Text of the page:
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NATIVE AMERICAN ARTS, INC. v. BUNDY-HOWARD
October 15, 2001
NATIVE AMERICAN ARTS, INC., PLAINTIFF,
BUNDY-HOWARD, INC., ETC., ET AL., DEFENDANTS.
The opinion of the court was delivered by: Shadur, Senior District Judge.
MEMORANDUM OPINION AND ORDER
Native American Arts, Inc. ("Native American") has filed a six-count
Complaint against numerous defendants, alleging violations of the Indian
Arts and Crafts Act (the "Act," 25 U.S.C. § 305e*fn1). Defendants
Bundy-Howard, Inc. d/b/a Bear Tracks ("Bear Tracks") and 9-Mile Creek
Traders (collectively "Movants") now move for judgment on the pleadings
pursuant to Fed.R.Civ.P. ("Rule") 12(c), arguing that the Act is
unconstitutional. For the reasons set forth in this opinion, the motion
Judgment on the pleadings in favor of a defendant is appropriate when
defendant clearly establishes that plaintiff cannot prove any set of
facts that would support the claim for relief and that there are no
material issues of fact to be resolved (Northern Ind. Gun & Outdoor
Shows, Inc. v. City of South Bend, 163 F.3d 449, 452 (7th Cir. 1998)). In
considering such a motion the court must accept as true all facts alleged
by plaintiff and must draw all reasonable inferences from the pleadings
in plaintiffs favor (id.; Gillman v. Burlington N.R.R., 878 F.2d 1020,
1022 (7th Cir. 1989)), though the court is not bound to accept
defendant's legal characterization of the facts (Scott v. O'Grady,
975 F.2d 366, 368 (7th Cir. 1992)). Hence this opinion's factual recital
is drawn from Native American's Amended Complaint (cited "Count ___
¶ ___"), and it omits "Native American alleges" or any like usage
(without of course making or implying any factual findings).*fn2
Bear Tracks and 9-Mile Creek Traders violated the Act by offering,
displaying for sale and selling art, crafts and jewelry in a manner that
falsely suggests the goods were Indian-made (Count I ¶¶ 18, 25,
29-38). Section 305e(a) prohibits:
directly or indirectly, offer[ing] or display[ing] for
sale or sell[ing] a good, with or without a Government
trademark, in a manner that falsely suggests it is
Indian produced, an Indian product, or the product of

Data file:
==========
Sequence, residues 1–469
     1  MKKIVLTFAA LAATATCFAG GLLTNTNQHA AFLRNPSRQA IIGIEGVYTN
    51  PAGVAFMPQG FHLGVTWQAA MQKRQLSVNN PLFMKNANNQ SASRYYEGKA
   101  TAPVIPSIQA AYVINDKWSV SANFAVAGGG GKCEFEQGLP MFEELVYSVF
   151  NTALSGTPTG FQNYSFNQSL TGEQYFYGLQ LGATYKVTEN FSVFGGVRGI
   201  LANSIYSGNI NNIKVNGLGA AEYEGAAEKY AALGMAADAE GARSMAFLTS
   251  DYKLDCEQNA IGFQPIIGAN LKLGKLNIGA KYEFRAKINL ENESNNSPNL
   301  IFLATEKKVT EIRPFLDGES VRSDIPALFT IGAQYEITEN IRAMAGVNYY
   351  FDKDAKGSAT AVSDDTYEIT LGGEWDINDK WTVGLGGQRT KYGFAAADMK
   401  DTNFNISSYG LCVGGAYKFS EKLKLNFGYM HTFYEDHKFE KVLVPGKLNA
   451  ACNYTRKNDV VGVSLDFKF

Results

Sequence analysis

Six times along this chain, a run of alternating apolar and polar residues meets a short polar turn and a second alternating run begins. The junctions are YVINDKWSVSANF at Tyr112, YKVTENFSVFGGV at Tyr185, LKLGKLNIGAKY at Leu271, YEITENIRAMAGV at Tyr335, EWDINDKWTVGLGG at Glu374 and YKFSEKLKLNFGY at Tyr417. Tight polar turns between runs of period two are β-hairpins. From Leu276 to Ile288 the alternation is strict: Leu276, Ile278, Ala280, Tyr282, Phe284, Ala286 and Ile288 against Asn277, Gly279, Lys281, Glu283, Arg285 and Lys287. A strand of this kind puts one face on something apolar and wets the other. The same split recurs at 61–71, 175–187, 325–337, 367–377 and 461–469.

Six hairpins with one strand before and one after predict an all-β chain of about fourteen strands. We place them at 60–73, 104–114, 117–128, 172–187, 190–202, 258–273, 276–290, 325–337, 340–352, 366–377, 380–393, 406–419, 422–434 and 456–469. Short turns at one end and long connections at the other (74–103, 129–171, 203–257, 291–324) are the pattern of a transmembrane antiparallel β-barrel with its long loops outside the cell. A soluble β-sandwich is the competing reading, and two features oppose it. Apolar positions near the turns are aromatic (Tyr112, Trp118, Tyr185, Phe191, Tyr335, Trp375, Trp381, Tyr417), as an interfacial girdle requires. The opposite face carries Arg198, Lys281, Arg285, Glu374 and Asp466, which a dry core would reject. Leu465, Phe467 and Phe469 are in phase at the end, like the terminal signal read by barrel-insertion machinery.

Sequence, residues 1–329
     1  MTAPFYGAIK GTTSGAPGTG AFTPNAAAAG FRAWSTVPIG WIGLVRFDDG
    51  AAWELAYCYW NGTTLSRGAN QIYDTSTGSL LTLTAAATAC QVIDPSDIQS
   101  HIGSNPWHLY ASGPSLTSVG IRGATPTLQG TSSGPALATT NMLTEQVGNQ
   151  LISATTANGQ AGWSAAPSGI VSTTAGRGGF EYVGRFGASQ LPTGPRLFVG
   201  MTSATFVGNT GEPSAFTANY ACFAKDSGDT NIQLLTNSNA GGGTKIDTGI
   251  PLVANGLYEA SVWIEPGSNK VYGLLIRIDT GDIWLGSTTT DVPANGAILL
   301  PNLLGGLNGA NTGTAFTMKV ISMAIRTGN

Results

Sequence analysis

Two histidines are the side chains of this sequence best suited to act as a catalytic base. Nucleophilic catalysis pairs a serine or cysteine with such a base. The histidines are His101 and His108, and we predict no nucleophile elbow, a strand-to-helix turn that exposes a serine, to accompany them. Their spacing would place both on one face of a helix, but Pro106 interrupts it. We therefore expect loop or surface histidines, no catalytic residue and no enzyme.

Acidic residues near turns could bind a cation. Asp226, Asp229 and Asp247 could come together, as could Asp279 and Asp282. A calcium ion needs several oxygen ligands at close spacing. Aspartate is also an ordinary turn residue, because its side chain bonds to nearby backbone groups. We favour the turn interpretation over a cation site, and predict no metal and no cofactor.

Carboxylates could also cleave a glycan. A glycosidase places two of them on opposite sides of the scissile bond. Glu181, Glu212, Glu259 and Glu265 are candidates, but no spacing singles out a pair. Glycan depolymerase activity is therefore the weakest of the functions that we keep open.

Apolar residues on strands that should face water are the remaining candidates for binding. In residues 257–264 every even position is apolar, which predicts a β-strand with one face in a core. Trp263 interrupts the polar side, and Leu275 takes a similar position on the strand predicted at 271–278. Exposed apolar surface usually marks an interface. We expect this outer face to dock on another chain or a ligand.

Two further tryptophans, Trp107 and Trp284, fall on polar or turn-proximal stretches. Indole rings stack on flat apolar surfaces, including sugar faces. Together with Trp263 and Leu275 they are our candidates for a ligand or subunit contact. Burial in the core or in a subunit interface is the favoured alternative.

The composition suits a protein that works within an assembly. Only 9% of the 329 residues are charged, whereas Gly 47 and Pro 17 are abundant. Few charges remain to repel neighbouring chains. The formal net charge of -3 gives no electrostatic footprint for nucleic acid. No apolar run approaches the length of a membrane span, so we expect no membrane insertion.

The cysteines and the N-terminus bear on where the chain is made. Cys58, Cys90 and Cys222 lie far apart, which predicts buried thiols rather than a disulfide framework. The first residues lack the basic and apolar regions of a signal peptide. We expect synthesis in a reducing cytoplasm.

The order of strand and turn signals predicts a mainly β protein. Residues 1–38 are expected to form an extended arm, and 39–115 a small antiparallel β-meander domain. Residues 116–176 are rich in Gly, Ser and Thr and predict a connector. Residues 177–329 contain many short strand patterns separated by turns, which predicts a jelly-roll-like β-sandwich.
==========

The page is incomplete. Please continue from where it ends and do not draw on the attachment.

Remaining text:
a particular Indian or Indian tribe or Indian arts and
crafts organization, resident within the United
States. . . .
Several of the terms in that subsection have statutory definitions.
Thus Section 305e(d)(1) says an "Indian" is "a member of an Indian tribe"
or a person "certified as an Indian artisan by an Indian tribe." While
"Indian product" is not defined in the statute, Section 305a(d)(2) says
the term is to be defined in regulations promulgated by the Secretary of
the Interior. Sections 305 through 305d vest power in the Indian Arts and
Crafts Board ("Board"), an Interior Department agency, to enforce much of
the Act — and Section 305b specifies "[t]hat all rules and
regulations proposed by the Board shall be submitted to the Secretary of
the Interior and shall become effective upon his approval."*fn4 In turn
the Board has defined "Indian product" as "any art or craft product made
by an Indian" (Reg. § 309.2(d)). Under Sections 305e(a) and (b)
plaintiffs may recover the greater of treble damages or $1,000 per day for
each day that the offending product is offered for sale or sold, as well
as punitive damages and attorney's fees.
Constitutionality of the Act
In support of their motion for judgment on the pleadings, Movants
contend that the Act is unconstitutional because (1) it violates
procedural due process, (2) it also violates substantive due process and
(3) Board's regulations exceed the scope of its authority. Those
arguments will be addressed in turn.
Procedural Due Process Challenge
Movants' procedural due process attack has two prongs: first, various